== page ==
1. And the other is used to work for a team that started the season saying they will be fighting for the championship in the coming year, or at least a race win, for most of their time in the sport. Good omens.

    3. No tight rear end?

  2. nice one from williams , shaking up the technical department and bringing in fresh brains and experience . will be keeping an eye on their next challenger .

    1. Yea, my thoughts too. Even if it’s a disaster it will be interesting to see it get to that point.

    2. did Coughlan actually design most of the 2007 mclaren? (spyscandal jokes aside…)
      if he did, the Williams have got their man!

  3. Williams are simply destined to stay in the midfield until they can get some solid, substantial investment. It would help if they had better drivers, too.

    1. Ruby’s pretty decent. Pastor Malcolm Donado needs work, though.

      1. Barrichello remains a top driver IMO. He won races two years ago and has never had a rise/fall in competitiveness.

        1. I agree about Rubens. He remains a top driver and a perfect guy to develop a car, but I seriously doubt he will keep the motivation in top shape once this season is over.
          His car this year lacks almost everything, starting with a better engine. Williams, IMO, had a good pair, with Rubens bringing a lot of experience and Maldonado adding the motivation of a young driver trying to make his name. But the car doesn’t help.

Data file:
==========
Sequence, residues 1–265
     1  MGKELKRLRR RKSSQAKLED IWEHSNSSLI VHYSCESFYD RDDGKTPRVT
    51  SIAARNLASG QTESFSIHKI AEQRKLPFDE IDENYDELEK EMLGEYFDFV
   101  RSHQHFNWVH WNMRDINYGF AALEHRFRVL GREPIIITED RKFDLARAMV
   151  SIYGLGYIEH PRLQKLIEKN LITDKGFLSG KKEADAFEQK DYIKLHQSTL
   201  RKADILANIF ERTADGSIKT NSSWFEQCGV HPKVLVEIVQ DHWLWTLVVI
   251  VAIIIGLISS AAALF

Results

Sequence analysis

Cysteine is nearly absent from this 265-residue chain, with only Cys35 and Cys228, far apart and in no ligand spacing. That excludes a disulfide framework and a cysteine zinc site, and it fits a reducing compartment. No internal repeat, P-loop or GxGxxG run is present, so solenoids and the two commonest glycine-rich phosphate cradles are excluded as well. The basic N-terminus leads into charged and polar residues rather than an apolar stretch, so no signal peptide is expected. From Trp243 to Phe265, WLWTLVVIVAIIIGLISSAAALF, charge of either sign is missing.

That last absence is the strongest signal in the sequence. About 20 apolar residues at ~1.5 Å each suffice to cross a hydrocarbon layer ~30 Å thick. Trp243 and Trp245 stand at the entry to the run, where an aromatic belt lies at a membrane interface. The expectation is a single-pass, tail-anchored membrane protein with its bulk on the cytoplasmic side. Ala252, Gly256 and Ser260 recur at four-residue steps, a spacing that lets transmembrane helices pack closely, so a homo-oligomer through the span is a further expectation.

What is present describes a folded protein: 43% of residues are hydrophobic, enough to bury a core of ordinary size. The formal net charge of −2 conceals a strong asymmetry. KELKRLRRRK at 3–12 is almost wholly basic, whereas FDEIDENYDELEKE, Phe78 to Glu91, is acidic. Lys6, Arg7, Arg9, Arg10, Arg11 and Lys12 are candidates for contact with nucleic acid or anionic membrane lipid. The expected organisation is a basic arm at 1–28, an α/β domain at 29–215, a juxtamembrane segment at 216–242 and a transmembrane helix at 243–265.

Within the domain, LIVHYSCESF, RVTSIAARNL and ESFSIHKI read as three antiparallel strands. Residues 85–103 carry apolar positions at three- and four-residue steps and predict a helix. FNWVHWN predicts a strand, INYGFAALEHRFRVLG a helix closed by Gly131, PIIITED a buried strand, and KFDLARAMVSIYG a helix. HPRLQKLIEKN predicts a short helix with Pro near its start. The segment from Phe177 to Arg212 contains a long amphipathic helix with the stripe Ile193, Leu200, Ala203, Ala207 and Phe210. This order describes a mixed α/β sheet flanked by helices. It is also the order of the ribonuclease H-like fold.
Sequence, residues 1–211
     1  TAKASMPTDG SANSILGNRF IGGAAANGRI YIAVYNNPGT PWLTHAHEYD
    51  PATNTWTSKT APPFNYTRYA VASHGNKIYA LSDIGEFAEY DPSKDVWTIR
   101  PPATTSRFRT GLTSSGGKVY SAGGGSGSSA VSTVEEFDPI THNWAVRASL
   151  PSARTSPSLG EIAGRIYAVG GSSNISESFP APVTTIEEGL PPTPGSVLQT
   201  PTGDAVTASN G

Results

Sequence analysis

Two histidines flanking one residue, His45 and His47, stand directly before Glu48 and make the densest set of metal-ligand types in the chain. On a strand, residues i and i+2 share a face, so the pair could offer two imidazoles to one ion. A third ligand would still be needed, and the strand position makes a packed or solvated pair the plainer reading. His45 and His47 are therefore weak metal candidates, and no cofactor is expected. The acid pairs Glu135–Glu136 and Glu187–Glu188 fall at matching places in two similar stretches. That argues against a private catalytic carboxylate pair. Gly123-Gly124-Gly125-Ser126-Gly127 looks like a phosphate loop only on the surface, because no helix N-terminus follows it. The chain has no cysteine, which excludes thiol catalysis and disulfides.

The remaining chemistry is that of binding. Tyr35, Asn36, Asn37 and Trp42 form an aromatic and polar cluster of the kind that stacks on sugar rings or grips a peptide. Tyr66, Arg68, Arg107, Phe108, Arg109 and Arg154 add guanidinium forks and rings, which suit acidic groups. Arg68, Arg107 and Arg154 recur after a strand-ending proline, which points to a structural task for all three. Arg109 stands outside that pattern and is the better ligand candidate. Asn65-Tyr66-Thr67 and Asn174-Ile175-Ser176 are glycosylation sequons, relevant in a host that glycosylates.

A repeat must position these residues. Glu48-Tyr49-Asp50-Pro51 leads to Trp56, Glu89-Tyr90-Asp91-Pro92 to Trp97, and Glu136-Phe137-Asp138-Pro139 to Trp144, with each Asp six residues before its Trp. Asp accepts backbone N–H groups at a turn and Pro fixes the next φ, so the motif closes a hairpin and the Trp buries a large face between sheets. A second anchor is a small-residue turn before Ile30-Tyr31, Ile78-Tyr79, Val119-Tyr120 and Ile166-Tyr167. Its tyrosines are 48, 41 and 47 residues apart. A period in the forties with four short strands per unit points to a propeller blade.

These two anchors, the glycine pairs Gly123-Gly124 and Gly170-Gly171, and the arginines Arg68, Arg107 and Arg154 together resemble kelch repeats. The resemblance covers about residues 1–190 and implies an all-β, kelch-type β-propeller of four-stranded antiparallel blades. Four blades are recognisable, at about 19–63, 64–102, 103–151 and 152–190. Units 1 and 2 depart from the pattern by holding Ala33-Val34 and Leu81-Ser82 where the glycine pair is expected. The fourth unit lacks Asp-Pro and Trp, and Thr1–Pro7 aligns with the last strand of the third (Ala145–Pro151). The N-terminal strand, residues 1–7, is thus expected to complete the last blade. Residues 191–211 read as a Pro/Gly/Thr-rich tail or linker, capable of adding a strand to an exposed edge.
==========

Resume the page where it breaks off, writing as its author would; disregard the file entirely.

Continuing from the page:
1. Hmm… I think though with Rubens… You could give him a shopping trolley and he’d drive it.

    2. Last I heard they were doing alright since been floated on the markets?

      And Maldonado brought a substantial amount with him?

      1. Whats that got to do with anything. The float was Patrick Heads shares, the proceeds of which go to Patrick Head.

      2. I’m talking properly substantial, Top 3 budgets kind of money.

        1. Isn’t the PDVSA money pretty substantial?

  4. Good luck guys

  5. Hopefully Messrs Somerville and Gillan will be immune to the party line of “We’ve built an aggressive car”.

    1. Right now aiming for a solid points scorer would be a clear improvement.

  6. That’s not a bad line-up that Williams have themselves there. I’d keep Barrichello for definite. Maldanado is slightly less convincing, but better than Hulkenburg IMO.

  7. Barrichello has been the ‘second-best’ driver in Formula one for probably more seasons and across more driver generations/eras than any other driver in the sport.